Fonterra's decision to bump up Theo Spierings pay packet to $8.32 million in 2017 has made him the highest paid chief executive of any listed company in New Zealand.
Mr Spierings' pay included a base salary of $2.463m, benefits of $170,036 and incentives totalling $5.688m, according to the dairy co-operative's annual report, released on Monday.
This was a 78.5 per cent jump from his understood annual pay packet of $4.66m in 2016.
It's a pay packet that makes him clearly New Zealand's highest paid chief executive in any listed company or fund, according to NZME's CEO Pay Survey.
It took him past former SkyCity boss Nigel Morrison's $6.49m last year and Fletcher Building's Mark Adamson's $4.72m.
ANZ Banking's David Hisco was the fourth-highest paid executive last year on $4.32m, behind Mr Spierings' $4.66m.
Mr Spierings' pay equated to $160,000 per week. New Zealand's median weekly salary is $1094 for fulltime workers, according to Statistics New Zealand.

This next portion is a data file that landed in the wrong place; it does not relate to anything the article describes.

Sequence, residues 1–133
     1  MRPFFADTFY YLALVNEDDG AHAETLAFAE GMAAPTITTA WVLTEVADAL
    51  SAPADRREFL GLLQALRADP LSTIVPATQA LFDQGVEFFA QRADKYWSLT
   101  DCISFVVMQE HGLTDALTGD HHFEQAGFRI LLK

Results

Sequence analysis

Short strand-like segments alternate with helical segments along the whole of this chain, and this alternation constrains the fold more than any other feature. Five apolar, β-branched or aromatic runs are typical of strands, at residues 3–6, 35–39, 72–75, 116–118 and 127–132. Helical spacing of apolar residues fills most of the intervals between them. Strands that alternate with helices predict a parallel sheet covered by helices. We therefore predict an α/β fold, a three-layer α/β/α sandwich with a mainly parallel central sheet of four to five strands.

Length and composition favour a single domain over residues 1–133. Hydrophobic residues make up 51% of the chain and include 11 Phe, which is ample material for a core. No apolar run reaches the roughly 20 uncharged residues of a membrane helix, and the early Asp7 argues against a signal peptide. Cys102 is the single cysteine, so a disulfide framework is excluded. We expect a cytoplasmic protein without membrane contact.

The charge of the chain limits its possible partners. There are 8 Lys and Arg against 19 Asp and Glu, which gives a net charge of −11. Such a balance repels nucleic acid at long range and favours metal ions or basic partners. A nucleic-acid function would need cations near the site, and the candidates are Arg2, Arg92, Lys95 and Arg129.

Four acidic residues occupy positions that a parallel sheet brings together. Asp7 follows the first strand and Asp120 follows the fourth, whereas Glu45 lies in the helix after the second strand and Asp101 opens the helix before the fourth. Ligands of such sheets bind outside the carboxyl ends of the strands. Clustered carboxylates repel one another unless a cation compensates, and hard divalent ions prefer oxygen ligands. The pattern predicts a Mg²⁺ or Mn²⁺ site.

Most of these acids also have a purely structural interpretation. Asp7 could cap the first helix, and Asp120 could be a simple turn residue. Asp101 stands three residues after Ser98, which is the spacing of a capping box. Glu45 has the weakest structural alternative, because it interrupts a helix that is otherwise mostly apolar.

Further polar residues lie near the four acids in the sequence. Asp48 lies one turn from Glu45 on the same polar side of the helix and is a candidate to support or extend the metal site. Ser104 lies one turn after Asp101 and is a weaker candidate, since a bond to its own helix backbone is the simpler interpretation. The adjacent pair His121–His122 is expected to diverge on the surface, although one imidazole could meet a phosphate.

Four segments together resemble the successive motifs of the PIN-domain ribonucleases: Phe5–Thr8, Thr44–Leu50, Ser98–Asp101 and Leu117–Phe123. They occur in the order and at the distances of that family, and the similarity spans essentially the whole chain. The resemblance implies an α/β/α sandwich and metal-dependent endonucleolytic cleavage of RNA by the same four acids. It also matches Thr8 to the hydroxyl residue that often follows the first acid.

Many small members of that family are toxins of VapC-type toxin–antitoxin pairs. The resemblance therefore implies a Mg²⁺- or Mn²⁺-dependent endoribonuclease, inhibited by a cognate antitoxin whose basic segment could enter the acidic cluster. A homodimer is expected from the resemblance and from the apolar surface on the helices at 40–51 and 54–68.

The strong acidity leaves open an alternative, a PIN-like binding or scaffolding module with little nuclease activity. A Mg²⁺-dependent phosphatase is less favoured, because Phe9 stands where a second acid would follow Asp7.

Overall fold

Fonterra chair John Wilson says Mr Spierings and his executives generated about $2 billion in cash and working capital. His base salary did not increase but his bonus payments did.
"Clearly these numbers are high from a New Zealand perspective and we absolutely respect and understand that," he said, according to RNZ.
"[But] from an Australasian and a global perspective which is the nature of our business, they're actually well within the bands of what those global executives earn."
Fonterra said independent advisors used 24 Australian listed companies of a similar size and complexity to benchmark Mr Spierings' salary.
Meanwhile, Fonterra's net profit dropped 11 per cent to $745m in 2016/17.
The dairy supplier's revenue, however, increased by 12 per cent to $19.2 billion and it gave a total cash payout of $6.52 per kilogram of milk solids to its farmer shareholders.
NZ First leader Winston Peters was scathing about Mr Spiering and his pay packet.
"Is this corporate New Zealand - fat cat payouts for doing their day job?" he said.
Mr Peters said Mr Spiering was paid $2.46 million and gave up a $1.8m bonus during one of Fonterra's worst years.
"Now, during what is an average season, he has not only won that bonus back but secured a $3.85m cherry on top with another $170,000 for superannuation."
Mr Peters said it was clearly time to implement NZ First's policy to give shareholders a "say on pay" for directors and chief executives.